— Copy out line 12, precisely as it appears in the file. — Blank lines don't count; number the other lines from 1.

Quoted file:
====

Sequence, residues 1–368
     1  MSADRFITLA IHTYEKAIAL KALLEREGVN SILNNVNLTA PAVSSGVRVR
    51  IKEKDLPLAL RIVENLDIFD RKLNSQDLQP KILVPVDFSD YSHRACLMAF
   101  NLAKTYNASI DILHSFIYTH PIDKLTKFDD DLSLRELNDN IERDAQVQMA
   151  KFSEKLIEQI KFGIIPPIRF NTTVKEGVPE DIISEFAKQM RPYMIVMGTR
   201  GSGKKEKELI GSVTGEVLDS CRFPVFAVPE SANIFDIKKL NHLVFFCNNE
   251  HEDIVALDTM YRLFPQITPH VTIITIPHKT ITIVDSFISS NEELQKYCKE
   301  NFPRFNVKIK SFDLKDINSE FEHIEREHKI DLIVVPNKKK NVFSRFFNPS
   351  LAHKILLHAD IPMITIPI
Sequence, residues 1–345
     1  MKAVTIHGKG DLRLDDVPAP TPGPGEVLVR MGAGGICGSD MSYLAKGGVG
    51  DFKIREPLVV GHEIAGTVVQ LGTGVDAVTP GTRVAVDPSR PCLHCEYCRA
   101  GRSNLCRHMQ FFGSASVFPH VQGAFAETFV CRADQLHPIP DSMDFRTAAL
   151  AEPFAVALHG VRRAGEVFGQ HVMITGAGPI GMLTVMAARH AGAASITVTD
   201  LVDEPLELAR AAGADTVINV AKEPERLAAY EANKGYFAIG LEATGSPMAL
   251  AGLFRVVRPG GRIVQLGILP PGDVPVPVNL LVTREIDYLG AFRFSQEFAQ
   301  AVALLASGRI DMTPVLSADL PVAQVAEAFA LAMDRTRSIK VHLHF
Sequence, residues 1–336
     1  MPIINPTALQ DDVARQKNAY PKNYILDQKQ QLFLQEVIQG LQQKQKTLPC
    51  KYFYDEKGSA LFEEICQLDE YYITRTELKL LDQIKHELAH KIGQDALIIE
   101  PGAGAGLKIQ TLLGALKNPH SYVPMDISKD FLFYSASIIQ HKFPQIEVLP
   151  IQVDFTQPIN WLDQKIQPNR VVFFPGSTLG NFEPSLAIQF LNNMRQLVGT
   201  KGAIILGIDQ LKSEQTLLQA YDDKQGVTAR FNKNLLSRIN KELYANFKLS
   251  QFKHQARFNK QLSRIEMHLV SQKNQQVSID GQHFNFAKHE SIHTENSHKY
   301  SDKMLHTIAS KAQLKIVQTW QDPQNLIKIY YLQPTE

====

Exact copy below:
    51  DFKIREPLVV GHEIAGTVVQ LGTGVDAVTP GTRVAVDPSR PCLHCEYCRA